Latin American Environmental Regulatory Tracker
Our monthly Latin American Environmental Regulatory Tracker lists pending and recently enacted environmental laws and regulations in several Latin American countries. The November 2015 issue covers developments from September 16 to October 15.
The United Nations Environment Programme (UNEP) has published a summary of the progress made and the challenges facing various regions of the world, including Latin America and the Caribbean, as they work toward achieving the 2020 goal of implementing the Strategic Approach to International Chemicals Management (SAICM).
The 2015-2016 Roadmap presents the milestones and activities to support the implementation of the 2015-2022 Regional Strategy on Sustainable Consumption and Production in Latin-America and the Caribbean.
In anticipation of COP21, Argentina pledges to cut emissions 30% by 2030. 15% of emissions reductions are unconditional, while the remaining 15% are conditional, dependent on international aid.
Argentina's Secretariat of Environment (SAyDS) has published Resolution No. 827/15, which creates the Electronic Manifesto System (SIMEL), a new online tool intended to streamline the process of capturing hazardous waste information required for the Manifesto (Chapter 3, Arts. 12 & 13) under Law No. 24.051 for Hazardous Waste Management.Hazardous waste generators, transporters, and operators in Argentina must register under the new system.
Bill No. 5414-D-2015 has been proposed in the Argentine Chamber of Deputies to promote the domestic production of bio-based and biodegradable bioplastics for industrial purposes. The Bill provides plastics manufacturers in Argentina with a range of tax incentives.
Senate Bill 3420/15 would modify the General Environment Law (No. 25.675/02) to incorporate the principle of non-regression—that environmental law and jurisprudence should not be revised if the changes would result in environmental protection levels already achieved.
Argentina's Secretariat of Environment (SAyDS) has published Resolution No. 840/15 to create the National Program for the Integrated Management of Polychlorinated Biphenyls (PCBs). The Resolution represents a step forward in Argentina's progress toward phasing out PCBs under its international commitments.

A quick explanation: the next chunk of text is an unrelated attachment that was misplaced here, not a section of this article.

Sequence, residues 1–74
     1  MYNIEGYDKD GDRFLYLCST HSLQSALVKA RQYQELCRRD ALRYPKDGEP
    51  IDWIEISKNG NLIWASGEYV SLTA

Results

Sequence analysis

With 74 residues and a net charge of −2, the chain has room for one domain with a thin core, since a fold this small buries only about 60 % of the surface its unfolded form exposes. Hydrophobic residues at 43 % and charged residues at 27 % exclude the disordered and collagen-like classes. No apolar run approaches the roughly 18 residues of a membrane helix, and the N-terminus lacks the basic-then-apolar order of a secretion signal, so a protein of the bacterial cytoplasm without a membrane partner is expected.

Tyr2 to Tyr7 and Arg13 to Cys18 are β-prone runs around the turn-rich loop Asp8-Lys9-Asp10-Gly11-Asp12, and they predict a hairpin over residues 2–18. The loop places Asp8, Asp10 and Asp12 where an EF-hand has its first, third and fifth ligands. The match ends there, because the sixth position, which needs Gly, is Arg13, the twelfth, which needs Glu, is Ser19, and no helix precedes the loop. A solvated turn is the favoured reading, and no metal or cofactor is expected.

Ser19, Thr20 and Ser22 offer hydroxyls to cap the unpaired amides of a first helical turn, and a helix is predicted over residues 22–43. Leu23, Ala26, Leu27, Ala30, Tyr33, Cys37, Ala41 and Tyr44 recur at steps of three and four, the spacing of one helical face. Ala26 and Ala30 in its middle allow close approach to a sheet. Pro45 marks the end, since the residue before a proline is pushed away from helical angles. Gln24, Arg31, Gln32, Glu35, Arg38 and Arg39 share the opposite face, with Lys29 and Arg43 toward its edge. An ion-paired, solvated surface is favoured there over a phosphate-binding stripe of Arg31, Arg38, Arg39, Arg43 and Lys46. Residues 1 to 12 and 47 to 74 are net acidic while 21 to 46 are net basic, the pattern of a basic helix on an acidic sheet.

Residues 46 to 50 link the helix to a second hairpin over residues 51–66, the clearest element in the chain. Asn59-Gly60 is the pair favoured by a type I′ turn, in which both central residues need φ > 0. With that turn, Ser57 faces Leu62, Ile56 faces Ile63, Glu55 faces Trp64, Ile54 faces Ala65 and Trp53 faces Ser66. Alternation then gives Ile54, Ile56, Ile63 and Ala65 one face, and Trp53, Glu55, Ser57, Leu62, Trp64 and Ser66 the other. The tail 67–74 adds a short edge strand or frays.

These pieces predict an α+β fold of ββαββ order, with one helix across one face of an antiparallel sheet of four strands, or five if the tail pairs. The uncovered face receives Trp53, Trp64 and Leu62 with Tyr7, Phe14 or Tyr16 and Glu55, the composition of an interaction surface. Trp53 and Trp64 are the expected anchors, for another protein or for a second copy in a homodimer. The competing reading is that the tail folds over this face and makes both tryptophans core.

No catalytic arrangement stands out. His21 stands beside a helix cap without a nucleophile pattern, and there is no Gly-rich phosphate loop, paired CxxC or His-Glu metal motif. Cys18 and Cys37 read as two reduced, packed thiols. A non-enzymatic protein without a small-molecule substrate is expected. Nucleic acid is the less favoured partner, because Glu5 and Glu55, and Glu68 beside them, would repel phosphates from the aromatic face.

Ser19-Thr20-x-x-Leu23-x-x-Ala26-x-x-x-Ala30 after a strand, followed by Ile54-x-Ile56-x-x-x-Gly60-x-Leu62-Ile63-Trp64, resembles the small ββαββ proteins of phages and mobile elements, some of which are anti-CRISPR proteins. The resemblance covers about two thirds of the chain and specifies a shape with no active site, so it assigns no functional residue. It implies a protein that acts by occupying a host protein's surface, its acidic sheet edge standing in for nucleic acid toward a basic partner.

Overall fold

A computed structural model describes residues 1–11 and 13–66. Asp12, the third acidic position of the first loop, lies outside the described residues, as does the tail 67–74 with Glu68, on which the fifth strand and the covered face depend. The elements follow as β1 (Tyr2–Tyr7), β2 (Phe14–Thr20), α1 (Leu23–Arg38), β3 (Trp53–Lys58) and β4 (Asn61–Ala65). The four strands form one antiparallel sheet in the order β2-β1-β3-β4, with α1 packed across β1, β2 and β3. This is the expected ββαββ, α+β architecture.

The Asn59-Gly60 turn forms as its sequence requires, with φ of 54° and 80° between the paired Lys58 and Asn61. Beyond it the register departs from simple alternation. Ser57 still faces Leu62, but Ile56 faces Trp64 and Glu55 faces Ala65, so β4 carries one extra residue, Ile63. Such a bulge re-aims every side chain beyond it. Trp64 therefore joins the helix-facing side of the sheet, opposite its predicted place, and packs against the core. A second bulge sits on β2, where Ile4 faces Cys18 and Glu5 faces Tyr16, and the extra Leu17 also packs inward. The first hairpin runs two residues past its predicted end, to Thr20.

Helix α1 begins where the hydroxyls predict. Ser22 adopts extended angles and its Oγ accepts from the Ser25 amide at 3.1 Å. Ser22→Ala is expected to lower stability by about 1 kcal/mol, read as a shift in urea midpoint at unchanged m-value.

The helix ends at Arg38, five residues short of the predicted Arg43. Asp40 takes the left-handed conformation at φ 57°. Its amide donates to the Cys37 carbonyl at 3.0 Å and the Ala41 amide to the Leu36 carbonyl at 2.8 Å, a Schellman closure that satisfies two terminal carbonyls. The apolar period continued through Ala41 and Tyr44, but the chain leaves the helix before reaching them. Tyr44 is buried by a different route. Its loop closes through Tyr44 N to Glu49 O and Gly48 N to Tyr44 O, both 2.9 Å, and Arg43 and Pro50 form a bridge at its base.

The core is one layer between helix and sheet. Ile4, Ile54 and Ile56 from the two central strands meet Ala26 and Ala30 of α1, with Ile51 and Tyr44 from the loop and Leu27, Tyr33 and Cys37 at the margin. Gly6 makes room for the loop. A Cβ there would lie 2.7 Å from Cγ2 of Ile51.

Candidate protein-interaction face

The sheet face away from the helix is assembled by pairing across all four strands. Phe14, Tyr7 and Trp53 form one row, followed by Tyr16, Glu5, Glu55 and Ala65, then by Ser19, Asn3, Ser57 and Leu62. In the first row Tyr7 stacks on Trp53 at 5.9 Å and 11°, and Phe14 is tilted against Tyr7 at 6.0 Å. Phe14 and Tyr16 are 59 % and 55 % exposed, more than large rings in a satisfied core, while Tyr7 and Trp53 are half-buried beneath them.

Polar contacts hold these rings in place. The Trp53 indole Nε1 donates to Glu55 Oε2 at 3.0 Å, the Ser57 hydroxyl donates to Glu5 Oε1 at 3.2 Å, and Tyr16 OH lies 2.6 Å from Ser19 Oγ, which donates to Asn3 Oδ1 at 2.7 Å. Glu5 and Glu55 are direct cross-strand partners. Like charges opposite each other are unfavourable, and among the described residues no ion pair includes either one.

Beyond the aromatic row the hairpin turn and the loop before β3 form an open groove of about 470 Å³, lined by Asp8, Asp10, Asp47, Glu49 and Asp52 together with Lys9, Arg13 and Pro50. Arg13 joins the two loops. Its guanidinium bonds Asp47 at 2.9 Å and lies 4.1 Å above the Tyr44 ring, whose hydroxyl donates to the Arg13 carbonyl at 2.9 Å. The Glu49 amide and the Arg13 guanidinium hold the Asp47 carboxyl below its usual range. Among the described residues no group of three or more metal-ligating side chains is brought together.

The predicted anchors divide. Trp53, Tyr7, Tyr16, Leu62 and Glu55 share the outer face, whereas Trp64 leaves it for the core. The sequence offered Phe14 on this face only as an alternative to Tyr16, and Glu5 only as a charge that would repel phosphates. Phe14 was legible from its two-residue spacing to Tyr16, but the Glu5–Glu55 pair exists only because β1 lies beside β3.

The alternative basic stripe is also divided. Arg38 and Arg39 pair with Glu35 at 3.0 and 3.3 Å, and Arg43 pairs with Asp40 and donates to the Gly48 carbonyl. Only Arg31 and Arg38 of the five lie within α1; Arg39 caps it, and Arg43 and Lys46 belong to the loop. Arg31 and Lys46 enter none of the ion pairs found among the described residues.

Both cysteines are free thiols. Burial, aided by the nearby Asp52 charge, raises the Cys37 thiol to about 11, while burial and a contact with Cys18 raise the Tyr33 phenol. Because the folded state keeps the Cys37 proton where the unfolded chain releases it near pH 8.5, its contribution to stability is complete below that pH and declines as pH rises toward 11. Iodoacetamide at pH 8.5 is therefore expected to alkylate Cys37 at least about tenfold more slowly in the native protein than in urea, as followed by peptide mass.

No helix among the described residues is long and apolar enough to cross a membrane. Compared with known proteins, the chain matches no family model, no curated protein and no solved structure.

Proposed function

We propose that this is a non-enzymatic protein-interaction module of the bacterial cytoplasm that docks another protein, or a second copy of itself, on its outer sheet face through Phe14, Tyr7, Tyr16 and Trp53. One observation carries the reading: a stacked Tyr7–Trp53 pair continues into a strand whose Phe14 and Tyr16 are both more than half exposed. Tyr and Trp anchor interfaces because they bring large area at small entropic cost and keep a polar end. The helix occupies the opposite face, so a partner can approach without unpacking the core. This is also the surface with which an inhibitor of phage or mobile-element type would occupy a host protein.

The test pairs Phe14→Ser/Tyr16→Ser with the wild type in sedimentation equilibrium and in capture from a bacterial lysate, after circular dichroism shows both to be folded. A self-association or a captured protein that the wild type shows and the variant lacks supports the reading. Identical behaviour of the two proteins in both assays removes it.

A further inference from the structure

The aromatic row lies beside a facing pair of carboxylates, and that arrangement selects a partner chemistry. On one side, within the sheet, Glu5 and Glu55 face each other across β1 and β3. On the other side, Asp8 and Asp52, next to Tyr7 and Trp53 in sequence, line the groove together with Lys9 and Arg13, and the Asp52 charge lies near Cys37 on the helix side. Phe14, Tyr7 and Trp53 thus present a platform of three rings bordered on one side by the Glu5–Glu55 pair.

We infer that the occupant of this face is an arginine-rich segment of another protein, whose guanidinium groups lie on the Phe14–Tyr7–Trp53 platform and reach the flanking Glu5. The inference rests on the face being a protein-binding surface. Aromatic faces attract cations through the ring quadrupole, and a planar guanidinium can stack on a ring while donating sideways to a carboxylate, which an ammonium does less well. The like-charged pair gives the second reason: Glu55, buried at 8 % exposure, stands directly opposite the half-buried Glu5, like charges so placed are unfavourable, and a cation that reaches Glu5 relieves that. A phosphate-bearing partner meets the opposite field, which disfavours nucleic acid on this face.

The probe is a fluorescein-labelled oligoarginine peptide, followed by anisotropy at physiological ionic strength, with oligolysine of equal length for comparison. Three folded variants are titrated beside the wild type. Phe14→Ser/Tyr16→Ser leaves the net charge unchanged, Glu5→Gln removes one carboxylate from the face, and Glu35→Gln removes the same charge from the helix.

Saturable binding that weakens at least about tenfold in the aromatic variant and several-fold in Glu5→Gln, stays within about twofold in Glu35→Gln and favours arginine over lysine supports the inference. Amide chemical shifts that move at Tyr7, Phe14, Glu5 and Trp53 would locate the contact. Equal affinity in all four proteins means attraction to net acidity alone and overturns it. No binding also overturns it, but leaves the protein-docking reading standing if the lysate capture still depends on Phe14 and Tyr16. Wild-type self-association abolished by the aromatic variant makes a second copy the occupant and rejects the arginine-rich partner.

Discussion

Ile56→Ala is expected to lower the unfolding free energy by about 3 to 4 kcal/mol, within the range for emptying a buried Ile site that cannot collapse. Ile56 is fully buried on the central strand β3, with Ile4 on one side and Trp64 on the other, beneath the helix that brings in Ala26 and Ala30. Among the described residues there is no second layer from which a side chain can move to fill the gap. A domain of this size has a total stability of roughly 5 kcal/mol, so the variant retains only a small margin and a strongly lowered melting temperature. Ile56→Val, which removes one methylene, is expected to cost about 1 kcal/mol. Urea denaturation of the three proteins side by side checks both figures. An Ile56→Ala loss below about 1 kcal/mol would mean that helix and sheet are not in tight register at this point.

The Environment, Consumer Protection, and Inspection and Control Committees have approved Bill No. 523/13, which would amend the National Policy on Solid Waste (Law 12.305/10) to require municipalities and the Federal District to establish fines for littering. Already adopted in some cities, the rule would be applied nationwide.
The National Institute of Metrology Standardization and Industrial Quality (INMETRO) has published Ordinance No. 511 for the technical deregulation of electromagnetic ballast for tubular fluorescent lamps. The Ordinance will be open for a 60-day public comment period, beginning October 13, 2015.
The Parliamentary Front, which is made up of 222 members, advocates for the effective application of the National Solid Waste Policy (Law 12.305 /10), which determines the termination of all landfills and the adoption of reverse logistics systems within Brazilian municipalities.
Bill No. 2940/15 has been proposed in the Brazilian Chamber of Deputies to require take-back and adequate management and disposal of end-of-life electronics and components. The Bill's core provisions appear intended to reinforce existing requirements under the National Solid Waste Policy Law (No. 12305/10) and the Basel Convention, but have the potential to alter those requirements, e.g., by equating e-waste to "chemical waste" and prohibiting movements of e-waste across municipal boundaries.
In anticipation of COP21, Brazil pledges to cut emissions 37% by 2025 and 43% by 2030, both when compared to 2005 levels.
Quality Management Systems Standards Published
The Ministry of the Environment (MMA) has announced that by the end of 2015, the National Chemical Safety Commission (CONASQ), in coordination with the federal government, industry, and the general public, will develop a proposal for legislation establishing rules and guidelines for identification and control of hazardous chemicals and determining applicability of the United Nations Globally Harmonized System for Hazardous Chemicals (GHS).
The Ministries of Environment (MMA) and Science Technology and Innovation, in coordination with state governments, private sector representatives, and academia have published the draft National Climate Change Adaptation Plan for a 45-day public comment period, ending November 22, 2015.
In anticipation of COP21, Chile pledges to reduce its emissions 30% by 2030, based on 2007 levels. This could increase to 35-45% with international aid.
The Doha amendment establishes the second commitment period (beginning January 1, 2013, and ending December 31, 2020) of the Kyoto Protocol, the international GHG emissions reduction treaty.
Bill No. 097/15 has been proposed in the Senate to prohibit the production, sale, export, import, and distribution of asbestos in Colombia. The Bill would enter into force one year after enactment, at which time violators would face sanctions of 100 times the federal minimum monthly salary for each day of noncompliance.